Katy Perry won’t let the Trumpocalypse keep you off the dance floor.
The 32-year-old pop singer debuted “Chained to the Rhythm” at the Grammy awards. Announcing that the chanteuse would devote her brand to “purposeful pop,” she wore an armband emblazoned with the word “PERSIST,” a nod to Elizabeth Warren’s protest on the Senate floor against Jeff Sessions’ confirmation. As she read a letter from Coretta Scott King admonishing the civil rights record of the Alabama Senator, Republican Mitch McConnell shouted her down, saying: “She persisted.” That phrase has since become a rallying cry against the new administration.
Perry, one of Hillary Clinton’s most passionate supporters during the 2016 race, wrote on Twitter that the 2016 election was a moment of awakening for the singer, known more for squirting whip cream from her breasts than her political awareness.“Sometimes it’s scary opening up to consciousness,” she wrote, “makes you realize how asleep you were, and how OK you were with it.”
The catchy tune, which is the first single from Perry’s yet-to-be-released fourth album, is intended to mark a shift in her public persona. Produced by the ever-ubiquitous Sia, “Chained to the Rhythm” marries Perry’s glittery facade — as well as her torrid love affair with mixed metaphors — to an undercurrent of Trump-era malaise. “Living our lives through a lens,” she croons. “Trapped in our white-picket fence/ Like ornaments/” The bridge, courtesy of Bob Marley’s son, Skip, stops just short of calling for a coup. “Up in your high place, liars/” the 20-year-old sing-raps. “Time is ticking for the empire/”
Rebooting her persona appears to be working for the former California Gurl: “Chained to the Rhythm” is breaking records on Spotify, with more streams in its first 24 hours than any other song in the platform’s history.
Selling herself as “woke” is good marketing for a singer about to enter the second decade of her career, a transition that’s been extremely unkind to pop contemporaries from Jessica Simpson to Lily Allen. But the issue is that Perry has been selling herself as enlightened for some time, even as her discography is littered with a distasteful undercurrent of homophobia and racism. If the diva hopes to rescue America from Trump with booty-shaking jams, Perry needs to save herself first.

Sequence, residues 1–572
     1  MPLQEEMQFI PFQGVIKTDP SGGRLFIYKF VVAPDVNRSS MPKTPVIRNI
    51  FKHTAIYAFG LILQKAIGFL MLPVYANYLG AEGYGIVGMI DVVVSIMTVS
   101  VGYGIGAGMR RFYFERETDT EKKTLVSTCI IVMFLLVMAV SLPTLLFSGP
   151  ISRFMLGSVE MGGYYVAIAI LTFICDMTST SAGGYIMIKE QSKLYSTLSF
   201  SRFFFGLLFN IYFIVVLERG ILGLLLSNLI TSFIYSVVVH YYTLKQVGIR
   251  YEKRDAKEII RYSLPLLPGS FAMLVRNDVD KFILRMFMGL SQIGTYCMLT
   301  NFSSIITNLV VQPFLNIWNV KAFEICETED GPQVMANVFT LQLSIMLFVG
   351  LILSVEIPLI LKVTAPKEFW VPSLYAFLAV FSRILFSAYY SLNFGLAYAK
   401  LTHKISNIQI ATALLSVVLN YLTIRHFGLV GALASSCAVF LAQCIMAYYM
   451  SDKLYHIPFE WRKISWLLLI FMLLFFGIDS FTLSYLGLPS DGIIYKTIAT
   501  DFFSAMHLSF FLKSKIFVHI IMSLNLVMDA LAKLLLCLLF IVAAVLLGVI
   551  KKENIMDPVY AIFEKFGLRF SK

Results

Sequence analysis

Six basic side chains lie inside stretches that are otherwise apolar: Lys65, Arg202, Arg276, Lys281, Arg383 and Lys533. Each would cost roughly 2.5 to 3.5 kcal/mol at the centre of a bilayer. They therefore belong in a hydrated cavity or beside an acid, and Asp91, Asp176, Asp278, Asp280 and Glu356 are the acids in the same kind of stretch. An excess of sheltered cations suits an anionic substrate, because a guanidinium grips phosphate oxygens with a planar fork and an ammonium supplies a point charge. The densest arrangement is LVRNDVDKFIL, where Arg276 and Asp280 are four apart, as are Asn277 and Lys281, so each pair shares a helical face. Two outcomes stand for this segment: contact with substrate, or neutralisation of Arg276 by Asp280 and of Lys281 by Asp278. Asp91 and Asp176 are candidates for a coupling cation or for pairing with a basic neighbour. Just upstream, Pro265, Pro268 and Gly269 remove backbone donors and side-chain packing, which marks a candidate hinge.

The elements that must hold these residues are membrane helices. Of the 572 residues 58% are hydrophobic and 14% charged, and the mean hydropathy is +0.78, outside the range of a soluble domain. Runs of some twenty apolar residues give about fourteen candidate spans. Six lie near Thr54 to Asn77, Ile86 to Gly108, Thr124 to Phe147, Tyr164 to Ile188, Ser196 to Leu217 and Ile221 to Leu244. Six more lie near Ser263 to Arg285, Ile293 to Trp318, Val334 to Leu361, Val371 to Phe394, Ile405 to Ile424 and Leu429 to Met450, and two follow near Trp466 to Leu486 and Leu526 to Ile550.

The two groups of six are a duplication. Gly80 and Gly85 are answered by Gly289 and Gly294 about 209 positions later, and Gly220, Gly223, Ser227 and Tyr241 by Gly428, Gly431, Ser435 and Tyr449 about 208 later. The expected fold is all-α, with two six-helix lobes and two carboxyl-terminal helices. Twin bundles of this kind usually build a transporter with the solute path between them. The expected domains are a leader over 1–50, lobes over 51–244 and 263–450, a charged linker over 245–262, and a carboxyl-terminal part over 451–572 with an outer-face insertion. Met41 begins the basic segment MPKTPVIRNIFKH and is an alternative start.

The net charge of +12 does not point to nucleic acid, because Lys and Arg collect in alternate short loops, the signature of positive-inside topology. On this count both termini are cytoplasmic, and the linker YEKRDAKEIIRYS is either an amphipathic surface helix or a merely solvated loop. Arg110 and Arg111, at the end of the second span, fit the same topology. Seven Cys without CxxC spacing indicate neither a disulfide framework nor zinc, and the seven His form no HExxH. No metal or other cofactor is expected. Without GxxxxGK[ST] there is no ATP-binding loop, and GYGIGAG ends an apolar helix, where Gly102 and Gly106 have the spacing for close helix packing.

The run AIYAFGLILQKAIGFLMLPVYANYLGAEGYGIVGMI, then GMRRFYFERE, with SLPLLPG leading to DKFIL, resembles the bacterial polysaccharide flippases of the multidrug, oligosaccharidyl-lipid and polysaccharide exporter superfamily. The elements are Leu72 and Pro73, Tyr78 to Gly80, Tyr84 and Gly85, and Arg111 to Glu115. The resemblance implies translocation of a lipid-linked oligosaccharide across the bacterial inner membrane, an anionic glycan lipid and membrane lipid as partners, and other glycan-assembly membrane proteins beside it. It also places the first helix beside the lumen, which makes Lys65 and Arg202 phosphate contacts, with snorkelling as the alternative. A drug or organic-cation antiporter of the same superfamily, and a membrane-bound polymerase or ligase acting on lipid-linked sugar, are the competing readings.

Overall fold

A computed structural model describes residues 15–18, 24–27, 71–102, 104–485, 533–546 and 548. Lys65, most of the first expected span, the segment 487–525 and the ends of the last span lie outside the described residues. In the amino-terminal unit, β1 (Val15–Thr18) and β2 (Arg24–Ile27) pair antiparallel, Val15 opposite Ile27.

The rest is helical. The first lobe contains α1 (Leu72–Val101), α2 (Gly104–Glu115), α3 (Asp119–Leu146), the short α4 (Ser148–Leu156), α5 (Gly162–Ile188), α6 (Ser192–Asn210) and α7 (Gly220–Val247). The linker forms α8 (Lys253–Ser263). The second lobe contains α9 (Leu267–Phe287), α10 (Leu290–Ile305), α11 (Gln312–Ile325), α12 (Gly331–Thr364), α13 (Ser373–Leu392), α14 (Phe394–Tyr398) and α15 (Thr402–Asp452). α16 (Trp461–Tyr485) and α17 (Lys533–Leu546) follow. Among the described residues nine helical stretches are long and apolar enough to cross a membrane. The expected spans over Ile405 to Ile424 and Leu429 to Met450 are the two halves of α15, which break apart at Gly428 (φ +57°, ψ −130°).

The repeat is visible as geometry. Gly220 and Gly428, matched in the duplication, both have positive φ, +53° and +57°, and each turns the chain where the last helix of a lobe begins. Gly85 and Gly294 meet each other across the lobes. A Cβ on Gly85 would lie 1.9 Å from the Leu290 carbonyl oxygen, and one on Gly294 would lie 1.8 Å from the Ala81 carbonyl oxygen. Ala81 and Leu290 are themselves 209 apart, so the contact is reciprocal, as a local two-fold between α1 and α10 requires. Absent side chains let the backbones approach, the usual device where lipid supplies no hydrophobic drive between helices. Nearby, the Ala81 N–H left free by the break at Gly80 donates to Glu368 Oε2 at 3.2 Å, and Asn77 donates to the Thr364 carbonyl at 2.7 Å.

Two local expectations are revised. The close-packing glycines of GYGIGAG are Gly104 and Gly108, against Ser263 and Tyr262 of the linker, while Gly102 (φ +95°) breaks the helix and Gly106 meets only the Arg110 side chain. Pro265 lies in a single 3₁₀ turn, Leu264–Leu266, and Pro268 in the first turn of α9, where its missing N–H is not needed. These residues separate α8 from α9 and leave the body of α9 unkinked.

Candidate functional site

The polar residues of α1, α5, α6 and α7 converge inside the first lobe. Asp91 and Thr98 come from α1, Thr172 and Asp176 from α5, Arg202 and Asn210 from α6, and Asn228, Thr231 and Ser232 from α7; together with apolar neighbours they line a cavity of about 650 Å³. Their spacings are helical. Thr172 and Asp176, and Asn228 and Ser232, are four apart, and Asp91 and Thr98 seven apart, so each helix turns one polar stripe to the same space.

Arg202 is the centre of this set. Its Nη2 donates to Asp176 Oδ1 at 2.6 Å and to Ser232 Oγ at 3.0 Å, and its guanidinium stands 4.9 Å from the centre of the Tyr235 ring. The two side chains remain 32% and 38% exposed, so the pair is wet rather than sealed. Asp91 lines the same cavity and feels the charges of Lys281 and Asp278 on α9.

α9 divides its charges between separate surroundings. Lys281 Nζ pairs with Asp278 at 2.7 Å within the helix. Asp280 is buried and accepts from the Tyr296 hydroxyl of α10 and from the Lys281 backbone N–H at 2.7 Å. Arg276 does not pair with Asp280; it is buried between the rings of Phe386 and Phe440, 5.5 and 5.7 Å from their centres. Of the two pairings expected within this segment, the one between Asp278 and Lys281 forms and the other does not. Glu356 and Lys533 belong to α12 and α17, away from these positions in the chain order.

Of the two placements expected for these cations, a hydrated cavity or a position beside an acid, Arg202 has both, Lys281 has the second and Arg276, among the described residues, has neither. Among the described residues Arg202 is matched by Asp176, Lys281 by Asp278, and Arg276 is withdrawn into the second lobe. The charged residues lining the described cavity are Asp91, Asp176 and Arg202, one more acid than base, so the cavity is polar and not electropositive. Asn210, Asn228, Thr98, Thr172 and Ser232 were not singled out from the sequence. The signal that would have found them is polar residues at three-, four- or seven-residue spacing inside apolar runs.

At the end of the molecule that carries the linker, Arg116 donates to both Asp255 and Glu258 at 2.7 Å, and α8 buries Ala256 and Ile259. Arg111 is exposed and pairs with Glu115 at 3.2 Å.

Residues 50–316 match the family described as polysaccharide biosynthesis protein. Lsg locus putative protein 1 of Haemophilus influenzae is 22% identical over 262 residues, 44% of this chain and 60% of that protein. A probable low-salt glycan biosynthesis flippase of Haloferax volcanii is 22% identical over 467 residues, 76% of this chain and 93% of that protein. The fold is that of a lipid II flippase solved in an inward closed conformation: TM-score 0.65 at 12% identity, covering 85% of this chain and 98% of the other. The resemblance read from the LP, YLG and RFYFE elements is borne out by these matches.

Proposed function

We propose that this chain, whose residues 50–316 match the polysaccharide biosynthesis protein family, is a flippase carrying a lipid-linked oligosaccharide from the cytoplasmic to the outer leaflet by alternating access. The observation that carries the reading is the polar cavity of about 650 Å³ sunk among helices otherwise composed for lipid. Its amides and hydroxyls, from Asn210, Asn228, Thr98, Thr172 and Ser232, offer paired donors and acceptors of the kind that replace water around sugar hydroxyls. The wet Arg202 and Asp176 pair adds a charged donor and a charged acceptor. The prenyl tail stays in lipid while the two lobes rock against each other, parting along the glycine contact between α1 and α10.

The pop mainstay first stormed onto the scene with “I Kissed A Girl” in 2008, the rare song to upset both Christian conservatives and the LGBT community. Republicans didn’t like the Dr. Luke-produced thumper because it appeared to promote homosexuality, but queer critics took issue with the seemingly affirming tune’s underlying premise: It’s OK to make out with other girls as long as you aren’t a lesbian about it.
Perry claims that she penned the No. 1 hit — which actually has four writers attached — after catching a glimpse of Scarlett Johansson, then Woody Allen’s muse, in a magazine. But the track dabbles in the sort of girl-on-girl action you might find at a frat party, Sapphic action strictly for the purpose of male attention. The singer, who reminds us in the song that she has a “boyfriend,” repeatedly reminds her audience that it’s all in good fun: “You're my experimental game/ Just human nature.”
One particular couplet, though, really drove a stake all the way through the heart of LGBT listeners. “It's not what, good girls do,” Perry sings. “Not how they should behave.”
These are odd sentiments for someone who has repeatedly referred to herself as a supporter of the queer community. The debut of “I Kissed a Girl,” which spent seven weeks atop the pop charts, coincided with the passage of Proposition 8 in California, a voter referendum that overturned an earlier Supreme Court decision legalizing marriage equality at the ballot box. After same-sex union were voted down in her home state, Perry told DoSomething.org: “I am a gay activist and I say that proudly. I voted no on Prop 8.”
Perry has billed herself as an ally to LGBT people throughout her career, dedicating the music video to “Firework” to the It Gets Better campaign. Over vaguely inspirational lyrics imploring asking listeners have “ever [felt] like a plastic bag/ drifting through the wind/ wanting to start again,” the video shows two boys kissing in a crowded dance party. But as The New York Times noted, there was something a little more than opportunistic behind its veneer of queer affirmation. The song, which Perry also claimed was a tribute to Jack Kerouac, was written in 2009, well before Tyler Clementi’s suicide made the issue of anti-gay bullying a nationwide topic of conversation.